Quick Questions with Willie Coffey

Under the spotlight: Willie Coffey Co-op Connection: Scottish National Party Member of the Scottish Parliament for Kilmarnock and Loudoun and founder of the cross-party group on co-ops Area...

DAVE BOWMAN: It’s the 250th anniversary of the Fenwick Weavers next year. How will this be marked?

WILLIE COFFEY: The team in Fenwick are working on a great celebration of the beginning of the Co-operative Movement; this will centre round the signing of a Fenwick charter for co-operatives. Fenwick has a long way to go to match the profile of Rochdale, but they have made great progress in recent years. I am sure 2011 and the Year of Co-operatives in 2012 will increase Fenwick’s profile. I see Fenwick and Rochdale playing their part in building a great Movement. Recognising one doesn’t devalue the other.

 

DB: Is the Scottish Government and/or the cross-party co-operatives group at Holyrood providing any support?

WC: Fenwick is getting support from the Scottish Government all the way up to the First Minister. The group has had financial support from Co-operative Development Scotland, but has yet to apply for funding for the 250th anniversary events. There is huge interest in 2011 and the Parliament is proving a great platform for Fenwick, whose members are active in the cross-party group.

 

DB: It’s almost two years since you launched the co-operatives group in the Scottish Parliament, so what has been its biggest achievement and biggest disappointment?

WC: The early achievements have been the demonstration of support for co-operatives right across the parliament and being able to stimulate access to MSPs for a wide range of co-operatives. My disappointment is in realising how long it will take to root out some of the barriers facing co-operatives. We are currently focusing on co-operative housing; this has been pushed to the margins of the UK’s housing system, but offers a real solution for many communities.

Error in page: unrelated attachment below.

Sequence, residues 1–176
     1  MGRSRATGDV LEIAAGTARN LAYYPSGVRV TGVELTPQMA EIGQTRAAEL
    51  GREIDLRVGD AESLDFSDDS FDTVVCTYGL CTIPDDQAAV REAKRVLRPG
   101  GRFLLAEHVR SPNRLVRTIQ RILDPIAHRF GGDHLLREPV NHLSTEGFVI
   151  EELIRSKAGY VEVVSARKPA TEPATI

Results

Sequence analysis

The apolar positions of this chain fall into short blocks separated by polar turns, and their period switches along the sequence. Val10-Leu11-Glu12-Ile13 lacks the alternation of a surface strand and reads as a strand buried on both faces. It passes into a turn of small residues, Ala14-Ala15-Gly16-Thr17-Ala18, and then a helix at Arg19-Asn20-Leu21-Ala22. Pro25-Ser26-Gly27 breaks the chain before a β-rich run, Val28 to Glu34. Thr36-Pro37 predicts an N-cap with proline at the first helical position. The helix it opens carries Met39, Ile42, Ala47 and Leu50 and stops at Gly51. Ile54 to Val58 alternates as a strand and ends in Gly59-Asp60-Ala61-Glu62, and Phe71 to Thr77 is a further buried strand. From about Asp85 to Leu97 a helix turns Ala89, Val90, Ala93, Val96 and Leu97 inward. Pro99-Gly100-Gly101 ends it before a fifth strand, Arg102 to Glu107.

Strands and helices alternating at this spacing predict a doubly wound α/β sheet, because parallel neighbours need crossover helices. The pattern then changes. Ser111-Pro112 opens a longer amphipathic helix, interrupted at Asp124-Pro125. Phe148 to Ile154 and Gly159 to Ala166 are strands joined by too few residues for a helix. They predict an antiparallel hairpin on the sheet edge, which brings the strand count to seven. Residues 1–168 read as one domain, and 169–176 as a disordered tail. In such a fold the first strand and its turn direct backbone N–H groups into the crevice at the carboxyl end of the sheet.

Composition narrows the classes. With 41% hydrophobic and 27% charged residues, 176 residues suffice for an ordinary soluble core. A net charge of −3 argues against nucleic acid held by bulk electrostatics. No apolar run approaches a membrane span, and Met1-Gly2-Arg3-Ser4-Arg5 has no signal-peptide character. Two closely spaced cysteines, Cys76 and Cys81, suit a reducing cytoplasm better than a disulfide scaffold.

DB: Why does the SNP not have a spokesman on co-ops at Westminster and do you think a cross-party group on co-ops will ever be set up in the UK Parliament?

WC: Like other opposition parties, the SNP spokesmen at Westminster match government portfolios. Co-operative models just don’t get the support they deserve at Westminster, which has led to the virtual disappearance of mutuals from the UK’s banking sector. More cross-party working can only help co-operatives and I am glad to hear there are now cross-party initiatives in the Welsh and Northern Ireland Assemblies. It would be good to see Westminster catch up.

 

DB: As a nationalist MSP, how do you counter the argument that Scottish independence will damage the cause of co-operation across the nations of the UK?

WC: Funnily enough, that is not an argument I hear much of except from Scotland’s more conservative forces who support the status quo. Co-operation is about coming together as equals to pursue common goals. Therefore, when nations work together voluntarily — through the British-Irish Council for example — they strengthen co-operation, not weaken it. We have just seen the passing of Jimmy Reid; an inspirational figure for Scots and internationally. Jimmy believed that Scotland’s independent voice could be a force for good in the world and I am sure others agree with him.

 

DB: Will the SNP conference in October feature any debates or motions of interest for Co-op-minded people?

WC: Banking reform needs to be top of our agenda. Scotland played a key role in developing mutual finance. For 200 years, mutual societies were important to families looking to save for the future. The UK government’s hostility to mutualism from Thatcher onwards has been very damaging. We need to rebuild savings institutions people can trust and I am sure the SNP conference will address this.

 

DB: And finally, when will the SNP Government hold a referendum on Scottish independence?

WC: The Scottish Government has worked hard for three years to get its legislation and budgets passed from its position as a minority government. They succeeded in delivering on manifesto commitments where many thought they would fail. When they bring forward the referendum legislation it will be because they judge it the right time to build a progressive coalition to give the people of Scotland the right to choose their own future.

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